Expert neurologists discuss treatment options for a patient with comorbid autoimmune diseases, relapsing/remitting multiple sclerosis, and psoriasis.
Ahmed Zayed Obeidat MD, PhD: I’m going to tell you what happened in this case. Despite switching this patient to a different DMT [disease-modifying therapy], her symptoms continued to worsen. She developed psoriasis, which led to a decrease of her quality of life. Now she has another autoimmune disease that’s closely related to MS [multiple sclerosis]. The prior use of B-cell-depleting therapy may have something to do with it. In her most recent appointment with her neurologist, she discussed trying a new DMT that works differently from her current medication. They discussed the management of her psoriasis.
That’s where you have 2 different diseases. Both are autoimmune, and you’re trying to select 1 medication for both or you’re trying to select 2 medications: 1 for MS and 1 for psoriasis. What would be some of the available treatment options for that patient? It’s a difficult question. Dr Dukkipati, any options you’d think about with this scenario?
Ravi Dukkipati, MD: This is a challenging scenario. Thankfully, it’s not 1 we face regularly. B-cell therapies, anti-CD20s in particular, can increase one’s risk for a disease such as psoriasis. Presumably, that’s what happened in this patient. In terms of monotherapy for both multiple sclerosis and psoriasis in this patient, I don’t believe there’s a single agent that would be able to effectively address both. Some data suggest that natalizumab in combination with secukinumab can be administered simultaneously, addressing very active MS but also psoriasis.Another option is cladribine because of the way it’s dosed. You have 10 days followed by nothing for a year. That would allow for a window for appropriate treatment for the psoriasis option.
Ahmed Zayed Obeidat MD, PhD: They have lots of very effective medications for psoriasis, like systemic medication. She can always do UVB [ultraviolet B] light and other topicals. But with systemic medications, we have several patients with a combination of MS and psoriasis. Their psoriasis is under control with the new agents also.
Ravi Dukkipati, MD: I would say natalizumab combined with 1 of the others or cladribine…
Ahmed Zayed Obeidat MD, PhD: Cladribine, then a space, and then they can add another agent. Dr Pardo, any other thoughts on this?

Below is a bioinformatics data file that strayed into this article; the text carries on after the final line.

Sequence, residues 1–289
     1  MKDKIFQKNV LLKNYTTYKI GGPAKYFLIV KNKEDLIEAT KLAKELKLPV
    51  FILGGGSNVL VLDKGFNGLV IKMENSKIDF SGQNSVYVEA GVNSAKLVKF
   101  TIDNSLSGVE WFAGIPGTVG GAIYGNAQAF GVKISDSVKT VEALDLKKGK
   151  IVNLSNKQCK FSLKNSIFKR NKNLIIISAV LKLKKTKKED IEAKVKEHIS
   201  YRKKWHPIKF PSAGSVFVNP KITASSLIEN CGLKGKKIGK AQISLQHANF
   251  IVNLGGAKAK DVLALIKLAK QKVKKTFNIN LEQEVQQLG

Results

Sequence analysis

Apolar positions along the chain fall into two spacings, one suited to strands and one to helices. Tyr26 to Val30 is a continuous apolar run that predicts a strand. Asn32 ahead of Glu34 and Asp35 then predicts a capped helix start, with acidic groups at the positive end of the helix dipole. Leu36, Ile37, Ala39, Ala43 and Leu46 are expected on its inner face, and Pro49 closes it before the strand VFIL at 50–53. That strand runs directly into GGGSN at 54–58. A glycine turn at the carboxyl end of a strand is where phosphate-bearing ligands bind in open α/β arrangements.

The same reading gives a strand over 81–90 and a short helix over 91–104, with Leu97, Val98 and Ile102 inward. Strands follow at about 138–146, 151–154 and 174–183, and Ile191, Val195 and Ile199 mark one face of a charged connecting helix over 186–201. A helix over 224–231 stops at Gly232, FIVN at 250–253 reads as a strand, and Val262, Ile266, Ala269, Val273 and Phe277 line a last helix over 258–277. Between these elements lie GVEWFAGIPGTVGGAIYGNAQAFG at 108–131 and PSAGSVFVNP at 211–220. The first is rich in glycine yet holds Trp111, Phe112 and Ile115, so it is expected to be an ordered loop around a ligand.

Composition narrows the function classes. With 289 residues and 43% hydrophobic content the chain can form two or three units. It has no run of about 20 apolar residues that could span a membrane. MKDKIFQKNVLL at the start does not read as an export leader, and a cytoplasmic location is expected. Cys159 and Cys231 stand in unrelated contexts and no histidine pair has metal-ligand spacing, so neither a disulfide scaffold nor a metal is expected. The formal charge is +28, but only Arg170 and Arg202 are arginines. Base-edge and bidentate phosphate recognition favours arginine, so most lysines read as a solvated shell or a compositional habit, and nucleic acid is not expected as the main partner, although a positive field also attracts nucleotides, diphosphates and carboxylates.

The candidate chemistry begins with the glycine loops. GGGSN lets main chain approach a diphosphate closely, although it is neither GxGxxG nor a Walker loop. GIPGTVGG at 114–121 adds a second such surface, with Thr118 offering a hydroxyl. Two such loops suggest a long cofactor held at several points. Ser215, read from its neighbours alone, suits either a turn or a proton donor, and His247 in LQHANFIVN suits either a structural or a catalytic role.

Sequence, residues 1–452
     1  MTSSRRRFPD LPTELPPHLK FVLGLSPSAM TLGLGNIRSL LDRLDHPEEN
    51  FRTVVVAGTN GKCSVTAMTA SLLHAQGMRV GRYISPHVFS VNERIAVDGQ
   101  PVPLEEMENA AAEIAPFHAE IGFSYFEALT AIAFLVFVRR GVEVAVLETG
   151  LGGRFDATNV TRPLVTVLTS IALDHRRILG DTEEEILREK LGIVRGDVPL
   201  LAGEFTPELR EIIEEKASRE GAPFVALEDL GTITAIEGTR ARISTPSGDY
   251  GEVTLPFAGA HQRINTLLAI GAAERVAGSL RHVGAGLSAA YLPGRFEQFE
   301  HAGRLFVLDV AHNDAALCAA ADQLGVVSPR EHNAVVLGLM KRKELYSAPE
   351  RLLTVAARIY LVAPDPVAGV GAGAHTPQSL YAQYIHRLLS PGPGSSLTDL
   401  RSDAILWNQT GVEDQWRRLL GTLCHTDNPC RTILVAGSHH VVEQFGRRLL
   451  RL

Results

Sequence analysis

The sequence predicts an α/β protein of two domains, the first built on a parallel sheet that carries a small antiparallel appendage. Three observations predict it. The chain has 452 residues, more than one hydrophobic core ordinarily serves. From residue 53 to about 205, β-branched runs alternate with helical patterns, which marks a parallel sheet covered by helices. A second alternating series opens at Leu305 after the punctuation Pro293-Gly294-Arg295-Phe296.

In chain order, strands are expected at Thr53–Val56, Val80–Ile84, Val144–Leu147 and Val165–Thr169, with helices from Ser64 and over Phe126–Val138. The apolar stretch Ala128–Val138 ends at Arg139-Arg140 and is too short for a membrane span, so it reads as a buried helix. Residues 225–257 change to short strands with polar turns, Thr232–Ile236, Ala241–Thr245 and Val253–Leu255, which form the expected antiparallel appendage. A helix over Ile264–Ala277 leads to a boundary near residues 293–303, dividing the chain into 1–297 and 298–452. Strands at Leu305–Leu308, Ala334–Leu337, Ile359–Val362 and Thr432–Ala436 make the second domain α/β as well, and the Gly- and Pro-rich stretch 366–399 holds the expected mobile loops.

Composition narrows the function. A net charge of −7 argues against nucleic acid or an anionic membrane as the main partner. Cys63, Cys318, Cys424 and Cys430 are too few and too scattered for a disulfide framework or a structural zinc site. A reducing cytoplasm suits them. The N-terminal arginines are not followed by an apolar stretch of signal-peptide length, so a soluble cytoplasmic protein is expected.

Gabriel Pardo, MD, FAAN: This is a very important topic because even though it’s not very common, we do see that. Patients are in need of another medication that affects the immune system for a different disease. We’d love to have a single agent to treat both. Are we lucky? Sometimes. There are some diseases that a single agent might be able to treat, especially anti-CD20s. They treat a lot of autoimmune diseases. If that’s acceptable for the other specialists treating the other disease and we have good control, then we’re in heaven. But sometimes that’s not the case, and we have the risk of compounding the potential effects, which implies a worsening in the safety profile of our agents.
I’m thinking along the same lines that you guys are thinking. We do have therapies, like alemtuzumab, that will give us a short pulse of treatment with a prolonged biological benefit. That will allow us to free up the patient to use any other type of neurological medicine down the road if it’s needed for the other diseases. That’s a decision that I’ve made with several patients if they have chronic uveitis that has been resistant to different treatments and is recurrent. They are going to escalate on their immunotherapies for those situations or any other immune condition. The decision process has been let’s use a short-course agent. You’ll be free of treatment regarding your MS and free to use whatever other agent is necessary without compromising safety.
Ahmed Zayed Obeidat MD, PhD: That’s convenient because we want to minimize the number of combined immunosuppressive agents at a certain time. These are great points. These are 2 challenging cases. We don’t get them frequently in clinic, but they’re good to think about. This also tells us that even though you can fail a highly effective therapy, you can still have more options. That’s more hopeful. These cases are built to give hope that there are options that we can use even if we fail a highly effective therapy and have another autoimmune disease.
We have patients with ulcerative colitis and MS, patients with Crohn disease and MS. That’s not uncommon. We see this in regular practice and we think, “What would be 1 agent to treat both? Sometimes we need both—2 agents or more—to treat them, and that’s fine as long as we’re able to mitigate the risks associated with the use of these agents.
Transcript edited for clarity